These names are incredibly cumbersome but here we go – first it’s “Evangelion: 1.0 You Are (Not) Alone” (2007), followed by “Evangelion: 2.0 You Can (Not) Advance” (2009), then “Evangelion: 3.0 You Can (Not) Redo” (2012) and finally “Evangelion: 3.0+1.0 Thrice Upon a Time” (2021). “Evangelion: 3.0+1.0 Thrice Upon a Time” is also a part of the Shin Japan Heroes film series, also overseen by Anno, that includes “Shin Godzilla,” “Shin Ultraman” and “Shin Kamen Rider.” There is even some insane merchandise that melds Godzilla with Unit 1. You’re right, we must have it.
And where can you watch the Rebuild of Evangelion movies?
They are all currently streaming on Prime Video. And if you are as big a fan of physical media as we all are, there is a gorgeous 4K disc set coming from GKids and Shout Factory coming on October 17. If you become a “Neon Genesis Evangelion” superfan through this process, then the 4K collector’s set will be nothing short of a must-buy.
You should definitely watch the Rebuild of Evangelion movies after watching the original series and “The End of Evangelion,” right?
Absolutely. While there is a world where you could just start with the first Rebuild of Evangelion movie, watching the Rebuild movies is a much richer experience if you have the understanding and knowledge of the original “Neon Genesis Evangelion” series (and, later on, “The End of Evangelion”). Not to hammer this analogy home but it would be like watching “Twin Peaks: The Return” without watching the original “Twin Peaks” (think of “The End of Evangelion” as like “Twin Peaks: Fire Walk With Me” in this analogy). You could technically do it. But it wouldn’t be quite the same experience.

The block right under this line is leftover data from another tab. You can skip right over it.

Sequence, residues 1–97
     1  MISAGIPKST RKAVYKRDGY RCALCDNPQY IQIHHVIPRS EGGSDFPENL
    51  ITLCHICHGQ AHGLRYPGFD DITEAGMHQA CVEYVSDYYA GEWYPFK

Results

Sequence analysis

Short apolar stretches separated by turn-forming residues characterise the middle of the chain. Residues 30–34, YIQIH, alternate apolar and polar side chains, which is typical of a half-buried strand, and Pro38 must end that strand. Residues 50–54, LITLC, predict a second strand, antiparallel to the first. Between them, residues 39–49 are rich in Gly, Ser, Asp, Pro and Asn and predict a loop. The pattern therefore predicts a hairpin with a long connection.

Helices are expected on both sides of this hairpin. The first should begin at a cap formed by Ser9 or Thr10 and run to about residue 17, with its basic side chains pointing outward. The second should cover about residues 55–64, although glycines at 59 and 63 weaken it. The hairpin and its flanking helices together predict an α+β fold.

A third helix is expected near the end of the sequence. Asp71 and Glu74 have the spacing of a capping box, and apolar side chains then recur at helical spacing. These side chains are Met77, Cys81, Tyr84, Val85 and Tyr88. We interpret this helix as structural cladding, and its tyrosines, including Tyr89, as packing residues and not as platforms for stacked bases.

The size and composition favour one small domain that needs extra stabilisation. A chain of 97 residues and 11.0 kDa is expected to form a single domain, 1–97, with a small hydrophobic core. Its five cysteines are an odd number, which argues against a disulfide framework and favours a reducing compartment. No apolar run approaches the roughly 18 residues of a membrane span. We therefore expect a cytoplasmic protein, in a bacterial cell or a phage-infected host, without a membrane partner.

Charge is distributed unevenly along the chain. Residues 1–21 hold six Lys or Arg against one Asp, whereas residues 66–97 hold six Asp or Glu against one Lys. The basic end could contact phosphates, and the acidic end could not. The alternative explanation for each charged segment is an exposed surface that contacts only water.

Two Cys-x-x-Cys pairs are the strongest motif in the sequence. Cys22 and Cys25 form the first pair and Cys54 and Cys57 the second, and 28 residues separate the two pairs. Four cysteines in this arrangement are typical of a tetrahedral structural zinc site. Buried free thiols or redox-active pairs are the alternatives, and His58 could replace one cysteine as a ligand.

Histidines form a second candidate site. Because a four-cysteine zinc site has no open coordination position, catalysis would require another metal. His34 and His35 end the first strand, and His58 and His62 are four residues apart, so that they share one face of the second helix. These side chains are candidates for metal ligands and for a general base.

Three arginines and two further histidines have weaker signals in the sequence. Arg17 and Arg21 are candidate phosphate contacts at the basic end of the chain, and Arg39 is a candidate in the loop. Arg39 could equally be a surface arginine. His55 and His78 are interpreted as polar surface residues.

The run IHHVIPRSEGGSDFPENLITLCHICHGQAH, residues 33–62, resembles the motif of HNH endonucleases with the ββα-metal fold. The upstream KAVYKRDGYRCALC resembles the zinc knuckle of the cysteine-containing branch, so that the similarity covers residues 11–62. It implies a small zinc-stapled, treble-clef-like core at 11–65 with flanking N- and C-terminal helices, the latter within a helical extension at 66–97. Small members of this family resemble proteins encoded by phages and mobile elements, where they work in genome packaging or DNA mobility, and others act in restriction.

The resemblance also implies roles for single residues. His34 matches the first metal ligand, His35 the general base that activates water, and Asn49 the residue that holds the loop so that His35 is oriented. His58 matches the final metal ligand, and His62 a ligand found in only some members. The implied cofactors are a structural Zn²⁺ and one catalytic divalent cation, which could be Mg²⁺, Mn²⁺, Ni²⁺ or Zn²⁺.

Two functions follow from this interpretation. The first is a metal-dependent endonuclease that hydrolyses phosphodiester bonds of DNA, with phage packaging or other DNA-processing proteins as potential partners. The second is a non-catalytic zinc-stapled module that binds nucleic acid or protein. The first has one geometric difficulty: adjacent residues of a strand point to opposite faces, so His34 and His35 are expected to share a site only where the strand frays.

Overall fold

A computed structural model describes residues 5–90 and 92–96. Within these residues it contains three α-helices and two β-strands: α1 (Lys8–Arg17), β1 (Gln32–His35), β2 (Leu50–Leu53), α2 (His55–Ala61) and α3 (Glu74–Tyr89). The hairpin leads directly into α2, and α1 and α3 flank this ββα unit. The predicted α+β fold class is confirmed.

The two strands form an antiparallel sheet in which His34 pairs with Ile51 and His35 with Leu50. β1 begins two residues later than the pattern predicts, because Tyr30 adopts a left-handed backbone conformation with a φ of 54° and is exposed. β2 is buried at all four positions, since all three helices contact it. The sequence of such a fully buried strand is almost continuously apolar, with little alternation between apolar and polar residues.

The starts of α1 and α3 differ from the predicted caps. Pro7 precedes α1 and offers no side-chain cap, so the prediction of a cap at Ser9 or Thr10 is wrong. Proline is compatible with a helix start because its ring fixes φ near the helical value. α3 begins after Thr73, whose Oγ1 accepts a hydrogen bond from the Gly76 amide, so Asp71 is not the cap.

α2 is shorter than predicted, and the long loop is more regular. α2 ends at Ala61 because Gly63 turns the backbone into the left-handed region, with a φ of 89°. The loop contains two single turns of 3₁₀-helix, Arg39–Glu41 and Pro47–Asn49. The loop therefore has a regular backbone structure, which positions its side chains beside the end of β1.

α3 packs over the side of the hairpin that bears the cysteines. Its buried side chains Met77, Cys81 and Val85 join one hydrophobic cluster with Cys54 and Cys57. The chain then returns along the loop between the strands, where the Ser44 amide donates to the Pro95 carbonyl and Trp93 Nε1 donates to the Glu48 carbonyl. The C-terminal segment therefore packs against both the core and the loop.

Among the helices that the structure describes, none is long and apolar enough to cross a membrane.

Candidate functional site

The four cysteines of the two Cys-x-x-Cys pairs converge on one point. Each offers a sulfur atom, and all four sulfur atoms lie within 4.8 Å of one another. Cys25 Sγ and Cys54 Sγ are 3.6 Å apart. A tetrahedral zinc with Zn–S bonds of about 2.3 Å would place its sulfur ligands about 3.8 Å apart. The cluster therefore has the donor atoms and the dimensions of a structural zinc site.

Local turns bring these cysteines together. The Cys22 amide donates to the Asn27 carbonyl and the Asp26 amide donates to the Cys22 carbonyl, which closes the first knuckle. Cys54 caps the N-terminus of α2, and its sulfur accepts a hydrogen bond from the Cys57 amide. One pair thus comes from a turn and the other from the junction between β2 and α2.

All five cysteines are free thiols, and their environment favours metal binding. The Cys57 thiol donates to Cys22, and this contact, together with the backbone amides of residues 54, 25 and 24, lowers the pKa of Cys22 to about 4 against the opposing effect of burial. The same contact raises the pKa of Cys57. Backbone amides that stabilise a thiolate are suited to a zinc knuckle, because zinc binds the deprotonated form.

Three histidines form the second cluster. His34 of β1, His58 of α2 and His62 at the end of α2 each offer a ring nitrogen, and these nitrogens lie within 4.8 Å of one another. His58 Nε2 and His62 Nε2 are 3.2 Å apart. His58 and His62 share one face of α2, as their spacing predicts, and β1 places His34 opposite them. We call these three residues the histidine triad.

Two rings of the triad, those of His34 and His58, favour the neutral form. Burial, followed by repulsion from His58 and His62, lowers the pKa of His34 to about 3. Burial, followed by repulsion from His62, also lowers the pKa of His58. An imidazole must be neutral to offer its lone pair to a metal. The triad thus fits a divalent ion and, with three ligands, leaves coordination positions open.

Is this the end of “Neon Genesis Evangelion?”
Supposedly. Anno has said that he is finished with the franchise, at least for now. Considering that it took nearly 10 years to finish the last film in the Rebuild of Evangelion series, that’s more than understandable. Maybe in another 10 years, we’ll climb into a new evangelion. But for now, it’s done.
What is the definitive order to watch all things “Neon Genesis Evangelion?”
The original 26 episodes of “Neon Genesis Evangelion,” then “The End of Evangelion,” followed by all four of the Rebuild of Evangelion movies, in order of theatrical release. Afterwards, you can watch a bunch of YouTube videos breaking down various theories and thematic concerns. You know, as a treat.